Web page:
• Start tracking shipment with forwarder
    Approve quality before shipment

    • Share PO & share product specs with inspection firm/staff
    • Get an estimate of the price/time necessary, and confirm
    • Tell supplier about inspection plans
    • Supplier proposes timing of inspection
    • Get report & give feedback to supplier
    • If necessary, proceed to re-inspection and issue a debit note to supplier
    Shipment

    • Forwarder advises closing date
    • Authorize shipment
    • Forwarder confirms the products were made available in time
    • Forwarder confirms the products were shipped out
    • Supplier sends a copy of the documents
    • Confirm that the documents are all correct
    Final payment

    • Check the quantity of shipped products
    • If payment by bank wire: transfer the balance
    • Supplier sends all original documents
    • Confirm receipt of all original documents
    Customs clearance

    • Forwarder/agent applies for clearance
    • Payment of import duties
    Domestic transport

    • Arrange domestic transport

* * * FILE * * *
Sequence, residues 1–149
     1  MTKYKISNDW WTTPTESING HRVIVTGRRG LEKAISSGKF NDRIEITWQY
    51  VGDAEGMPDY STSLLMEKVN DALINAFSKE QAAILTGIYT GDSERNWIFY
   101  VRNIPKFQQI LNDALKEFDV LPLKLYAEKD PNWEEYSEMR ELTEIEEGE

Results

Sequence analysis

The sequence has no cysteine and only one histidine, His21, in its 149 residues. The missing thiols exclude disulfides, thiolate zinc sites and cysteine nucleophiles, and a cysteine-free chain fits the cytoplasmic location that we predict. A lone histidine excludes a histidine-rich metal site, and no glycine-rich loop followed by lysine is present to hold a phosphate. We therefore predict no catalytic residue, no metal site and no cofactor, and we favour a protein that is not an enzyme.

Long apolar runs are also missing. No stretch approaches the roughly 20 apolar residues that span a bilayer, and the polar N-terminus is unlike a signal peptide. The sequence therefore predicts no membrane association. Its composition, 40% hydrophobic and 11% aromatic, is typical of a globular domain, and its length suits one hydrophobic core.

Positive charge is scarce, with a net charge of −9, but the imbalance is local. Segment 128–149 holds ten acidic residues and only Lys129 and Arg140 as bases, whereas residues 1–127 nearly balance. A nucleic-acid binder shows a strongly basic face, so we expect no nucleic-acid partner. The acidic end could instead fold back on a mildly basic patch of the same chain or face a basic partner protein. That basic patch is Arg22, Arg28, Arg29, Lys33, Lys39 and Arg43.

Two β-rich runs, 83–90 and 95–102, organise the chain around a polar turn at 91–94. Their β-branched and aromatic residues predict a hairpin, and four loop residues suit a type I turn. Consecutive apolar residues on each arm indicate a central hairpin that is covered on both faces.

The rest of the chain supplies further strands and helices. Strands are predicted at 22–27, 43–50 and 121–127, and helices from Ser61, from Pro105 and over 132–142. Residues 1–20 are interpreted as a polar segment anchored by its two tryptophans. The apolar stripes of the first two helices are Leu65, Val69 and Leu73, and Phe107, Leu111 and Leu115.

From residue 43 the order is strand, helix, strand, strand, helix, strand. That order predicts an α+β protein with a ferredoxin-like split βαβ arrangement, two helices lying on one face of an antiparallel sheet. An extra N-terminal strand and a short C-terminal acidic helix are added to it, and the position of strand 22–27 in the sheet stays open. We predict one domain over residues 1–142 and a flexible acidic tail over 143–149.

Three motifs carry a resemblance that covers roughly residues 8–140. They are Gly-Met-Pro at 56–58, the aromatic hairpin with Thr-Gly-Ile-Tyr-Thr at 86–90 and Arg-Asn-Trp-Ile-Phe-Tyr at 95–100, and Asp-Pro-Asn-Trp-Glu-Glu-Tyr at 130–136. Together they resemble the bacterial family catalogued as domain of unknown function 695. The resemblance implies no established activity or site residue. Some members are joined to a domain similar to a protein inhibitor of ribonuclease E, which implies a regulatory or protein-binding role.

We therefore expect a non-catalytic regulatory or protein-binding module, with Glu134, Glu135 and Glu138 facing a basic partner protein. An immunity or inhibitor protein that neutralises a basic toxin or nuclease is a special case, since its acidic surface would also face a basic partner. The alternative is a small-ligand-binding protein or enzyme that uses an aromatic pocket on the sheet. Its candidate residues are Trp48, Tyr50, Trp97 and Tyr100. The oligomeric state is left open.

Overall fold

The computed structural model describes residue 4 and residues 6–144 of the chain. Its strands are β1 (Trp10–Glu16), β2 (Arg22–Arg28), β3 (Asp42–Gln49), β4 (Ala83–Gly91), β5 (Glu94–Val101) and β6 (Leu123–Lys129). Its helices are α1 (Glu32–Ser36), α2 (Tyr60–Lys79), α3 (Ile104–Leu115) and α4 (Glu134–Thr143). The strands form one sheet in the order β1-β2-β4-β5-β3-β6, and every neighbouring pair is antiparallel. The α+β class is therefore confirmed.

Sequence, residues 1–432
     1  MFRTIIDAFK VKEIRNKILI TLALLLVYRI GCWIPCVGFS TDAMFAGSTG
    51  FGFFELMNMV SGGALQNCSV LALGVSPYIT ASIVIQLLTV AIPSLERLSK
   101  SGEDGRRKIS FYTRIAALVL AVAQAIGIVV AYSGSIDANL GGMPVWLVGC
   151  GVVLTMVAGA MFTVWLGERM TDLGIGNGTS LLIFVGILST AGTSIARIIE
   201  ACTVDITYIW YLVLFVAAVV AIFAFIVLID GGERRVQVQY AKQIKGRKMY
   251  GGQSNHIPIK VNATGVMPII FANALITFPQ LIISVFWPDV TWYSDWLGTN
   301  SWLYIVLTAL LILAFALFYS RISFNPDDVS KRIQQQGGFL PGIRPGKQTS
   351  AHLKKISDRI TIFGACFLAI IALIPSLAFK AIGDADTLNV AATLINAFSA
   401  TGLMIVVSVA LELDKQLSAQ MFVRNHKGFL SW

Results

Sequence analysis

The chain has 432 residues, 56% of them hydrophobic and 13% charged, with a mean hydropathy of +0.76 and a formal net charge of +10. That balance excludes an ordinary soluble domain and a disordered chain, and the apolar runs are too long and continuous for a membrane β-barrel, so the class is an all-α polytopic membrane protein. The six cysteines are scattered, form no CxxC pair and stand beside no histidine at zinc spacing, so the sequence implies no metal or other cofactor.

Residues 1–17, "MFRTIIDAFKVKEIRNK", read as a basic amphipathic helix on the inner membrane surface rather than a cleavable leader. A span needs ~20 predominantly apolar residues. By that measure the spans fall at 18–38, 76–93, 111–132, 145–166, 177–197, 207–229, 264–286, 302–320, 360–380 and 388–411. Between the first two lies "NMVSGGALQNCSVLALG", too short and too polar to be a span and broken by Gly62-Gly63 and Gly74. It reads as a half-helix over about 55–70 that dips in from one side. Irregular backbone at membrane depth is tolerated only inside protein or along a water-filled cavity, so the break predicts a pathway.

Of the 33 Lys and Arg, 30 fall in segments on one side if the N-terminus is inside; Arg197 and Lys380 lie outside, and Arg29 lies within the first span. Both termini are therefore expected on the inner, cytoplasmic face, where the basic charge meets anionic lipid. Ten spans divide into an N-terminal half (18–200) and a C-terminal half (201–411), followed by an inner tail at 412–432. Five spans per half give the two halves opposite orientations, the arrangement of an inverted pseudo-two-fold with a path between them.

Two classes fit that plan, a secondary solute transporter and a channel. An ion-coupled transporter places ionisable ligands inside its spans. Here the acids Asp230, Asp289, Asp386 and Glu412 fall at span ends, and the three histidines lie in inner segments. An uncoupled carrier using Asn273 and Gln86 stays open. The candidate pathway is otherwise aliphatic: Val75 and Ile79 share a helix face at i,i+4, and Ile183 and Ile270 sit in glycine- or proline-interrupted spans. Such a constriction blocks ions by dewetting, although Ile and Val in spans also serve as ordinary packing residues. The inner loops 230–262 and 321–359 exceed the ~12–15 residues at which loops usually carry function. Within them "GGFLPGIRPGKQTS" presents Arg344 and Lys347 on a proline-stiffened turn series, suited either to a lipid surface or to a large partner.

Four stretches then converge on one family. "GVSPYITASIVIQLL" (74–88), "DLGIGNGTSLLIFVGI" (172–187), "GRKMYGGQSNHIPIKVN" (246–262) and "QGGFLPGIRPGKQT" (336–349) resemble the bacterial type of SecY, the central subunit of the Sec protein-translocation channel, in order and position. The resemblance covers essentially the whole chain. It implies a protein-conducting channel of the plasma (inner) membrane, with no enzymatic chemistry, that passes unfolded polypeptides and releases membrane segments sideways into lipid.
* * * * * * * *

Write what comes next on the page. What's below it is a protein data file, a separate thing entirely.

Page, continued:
• Confirm receipt of products
    Warehousing

    • Arrange sufficient manpower and space
    QC on incoming products

    • Share PO & share product specs with internal QC staff
    • QC service checks conformity & quality
    • If necessary, give feedback to supplier and inspectors


    @Envision @amp0193 @Hyrum

    Feel free to share ya’lls take
     
  16. Arun Siva
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    Arun Siva aspiring 大君 of the bourgeoisie Read Millionaire Fastlane I've Read UNSCRIPTED FASTLANE INSIDER Speedway Pass Summit Attendee

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    The mantra for today is

    “You get what you INSPECT, not what you EXPECT.​

    Take a look at the following pictures from overseas.... these are the manufacturing environments that failed our surprised audits when we just dropped in. (Hence no time for the plant manager to take the brooms out of the closet no heads up were given)